3 Reasons for the Increased Bank M&A Activity in 2021
Bank Merger & Acquisition (M&A) activity skyrocketed in 2021! After a long 2020 where the world experienced a very disruptive financial crisis, many buyers and sellers were apparently eager to finalize deals they had either put on hold or hadn’t previously considered at all until now.
Nathan Stovall, a Principal Research Analyst for S&P Global Market Intelligence, gives several reasons as to why this has been such a big year for Banking M&As in S&P’s recent 2022 Banking Industry Outlook report.
Back in August 2020, S&P said that they anticipated somewhere around 230 deals worth a total of over $60 billion to happen this past year. However, as of the end of October 2021 (when the report was released), 166 deals had already taken place at a total value of over $57 billion. That’s close to 75% of their projected number of deals with another two months left to go. As Stovall points out, “even that estimate of record deal activity could prove too conservative.”
Since diving deep into such reports is what we do as part of our Services for Financial Institutions here at Southard Financial, we thought we’d pass along a few of the things that appear to be responsible for last year’s uptick in M&As, as well as what this trend seems to indicate for the future.
3 Reasons for Record M&A Activity in 2021
1. Low Rates and High Liquidity Create the Right Environment
In a previous post on “2 Big Reasons Banks Will Be Holding Excess Cash in 2022”, we discussed how a lot of banks are currently experiencing large amounts of liquidity due in part to low loan activity. People are depositing more, spending less, and borrowing even less. As a result, one of the biggest sources of revenue for banks has shrunk significantly.
This in turn has caused a lot of banks to entertain M&A opportunities that they might have otherwise passed on if banking activity was more “business as usual.” Buyers see scaling up as a good way to diversify and offset the pressures associated with decreases in traditional consumer activity.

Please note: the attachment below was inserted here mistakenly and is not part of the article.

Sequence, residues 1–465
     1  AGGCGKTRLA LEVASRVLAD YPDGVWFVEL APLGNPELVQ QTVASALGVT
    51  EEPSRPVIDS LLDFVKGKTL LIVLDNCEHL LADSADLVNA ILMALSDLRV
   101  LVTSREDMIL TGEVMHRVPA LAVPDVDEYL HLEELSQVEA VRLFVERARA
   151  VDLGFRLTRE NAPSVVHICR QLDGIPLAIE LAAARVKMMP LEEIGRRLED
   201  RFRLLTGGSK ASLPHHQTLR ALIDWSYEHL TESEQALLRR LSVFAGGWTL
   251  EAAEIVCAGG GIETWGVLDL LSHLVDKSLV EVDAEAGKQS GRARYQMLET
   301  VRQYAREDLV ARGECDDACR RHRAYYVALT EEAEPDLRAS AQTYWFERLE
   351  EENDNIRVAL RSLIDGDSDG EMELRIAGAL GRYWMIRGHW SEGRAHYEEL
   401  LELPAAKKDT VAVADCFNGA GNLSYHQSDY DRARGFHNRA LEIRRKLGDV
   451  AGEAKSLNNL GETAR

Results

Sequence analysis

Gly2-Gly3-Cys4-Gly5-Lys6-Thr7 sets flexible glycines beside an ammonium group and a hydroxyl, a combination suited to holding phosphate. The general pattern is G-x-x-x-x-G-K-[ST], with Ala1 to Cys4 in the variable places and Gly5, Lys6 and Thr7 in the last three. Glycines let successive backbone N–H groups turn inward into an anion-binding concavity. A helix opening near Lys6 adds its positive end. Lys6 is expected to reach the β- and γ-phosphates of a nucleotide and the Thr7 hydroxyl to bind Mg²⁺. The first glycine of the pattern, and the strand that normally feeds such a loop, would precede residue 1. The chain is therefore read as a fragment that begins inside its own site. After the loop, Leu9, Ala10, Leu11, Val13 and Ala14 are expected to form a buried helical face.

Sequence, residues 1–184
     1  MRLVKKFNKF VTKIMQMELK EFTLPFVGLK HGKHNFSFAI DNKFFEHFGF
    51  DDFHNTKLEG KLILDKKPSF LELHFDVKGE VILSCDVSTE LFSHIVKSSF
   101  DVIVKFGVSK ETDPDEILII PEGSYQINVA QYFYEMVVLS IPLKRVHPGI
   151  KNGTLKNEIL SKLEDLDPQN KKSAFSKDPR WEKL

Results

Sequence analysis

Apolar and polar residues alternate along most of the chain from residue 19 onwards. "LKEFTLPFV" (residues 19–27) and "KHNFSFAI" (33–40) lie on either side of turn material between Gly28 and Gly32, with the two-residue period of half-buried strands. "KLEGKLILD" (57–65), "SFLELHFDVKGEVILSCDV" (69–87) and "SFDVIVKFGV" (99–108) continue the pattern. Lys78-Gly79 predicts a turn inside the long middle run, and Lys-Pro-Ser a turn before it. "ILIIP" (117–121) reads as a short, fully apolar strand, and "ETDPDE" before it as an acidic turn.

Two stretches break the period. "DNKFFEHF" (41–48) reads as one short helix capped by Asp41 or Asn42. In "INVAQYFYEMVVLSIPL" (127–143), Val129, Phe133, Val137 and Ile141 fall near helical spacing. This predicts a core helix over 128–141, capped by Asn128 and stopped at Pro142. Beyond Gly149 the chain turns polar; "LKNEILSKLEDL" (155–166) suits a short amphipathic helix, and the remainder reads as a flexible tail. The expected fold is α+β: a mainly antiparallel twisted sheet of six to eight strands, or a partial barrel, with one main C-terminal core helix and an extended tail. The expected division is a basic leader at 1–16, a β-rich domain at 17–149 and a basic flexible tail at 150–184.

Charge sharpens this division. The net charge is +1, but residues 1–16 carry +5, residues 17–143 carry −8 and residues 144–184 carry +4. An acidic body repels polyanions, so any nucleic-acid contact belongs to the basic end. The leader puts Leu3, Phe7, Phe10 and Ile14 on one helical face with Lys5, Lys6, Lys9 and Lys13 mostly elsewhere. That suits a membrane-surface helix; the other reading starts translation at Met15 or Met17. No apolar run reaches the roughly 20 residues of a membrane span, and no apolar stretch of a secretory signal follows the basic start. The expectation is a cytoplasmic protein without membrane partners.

2. Traditional Branches Are More Expensive
In 2020 when much of the world was in lockdown, more people shifted to online banking out of necessity. Even after resuming most of their normal routines in 2021, a lot of bank customers have decided that they still prefer digital banking options to physically going into branch locations.
As brick-and-mortar bank branches experience less and less foot traffic, the costs associated with operating those locations begin to rise. Many banks have made the decision to begin closing branch locations or converting them to ATM-only drive-thrus in order to reduce overhead costs.
Banks that cost less to operate while maintaining profitability are attractive to buyers. Therefore, part of the increase in M&A activity can easily be attributed to this trend as well.
3. Potential Regulations Make Some People Nervous
The Biden administration has issued an executive order signaling an interest in “revitalizing merger oversight.” For some buyers and sellers, an increase in government regulation has made them decide to move ahead with their M&A plans sooner rather than later.
S&P Global still anticipates that deals will continue to go through under whatever increased governmental scrutiny comes along. However, the process might end up being even slower than it already is.
Consider Southard Financial Your M&A Guide
For over 30 years, Southard Financial has been helping financial institutions with appraisal services, consulting services, and transaction advisory assistance. Our team understands the complexities of the financial world, and we can help guide you through the process of either buying or selling.
Contact us today to make sure you don’t end up either making costly mistakes or leaving money on the table as you prepare to go through your next M&A or whatever your bank is facing.